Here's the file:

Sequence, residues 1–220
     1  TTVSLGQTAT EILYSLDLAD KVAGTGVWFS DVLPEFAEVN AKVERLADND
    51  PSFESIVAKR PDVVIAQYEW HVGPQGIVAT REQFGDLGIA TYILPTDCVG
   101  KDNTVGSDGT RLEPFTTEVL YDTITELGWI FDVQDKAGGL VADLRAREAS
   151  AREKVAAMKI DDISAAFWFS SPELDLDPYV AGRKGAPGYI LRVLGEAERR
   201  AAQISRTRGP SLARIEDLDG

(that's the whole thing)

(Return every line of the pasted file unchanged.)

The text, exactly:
Sequence, residues 1–220
     1  TTVSLGQTAT EILYSLDLAD KVAGTGVWFS DVLPEFAEVN AKVERLADND
    51  PSFESIVAKR PDVVIAQYEW HVGPQGIVAT REQFGDLGIA TYILPTDCVG
   101  KDNTVGSDGT RLEPFTTEVL YDTITELGWI FDVQDKAGGL VADLRAREAS
   151  AREKVAAMKI DDISAAFWFS SPELDLDPYV AGRKGAPGYI LRVLGEAERR
   201  AAQISRTRGP SLARIEDLDG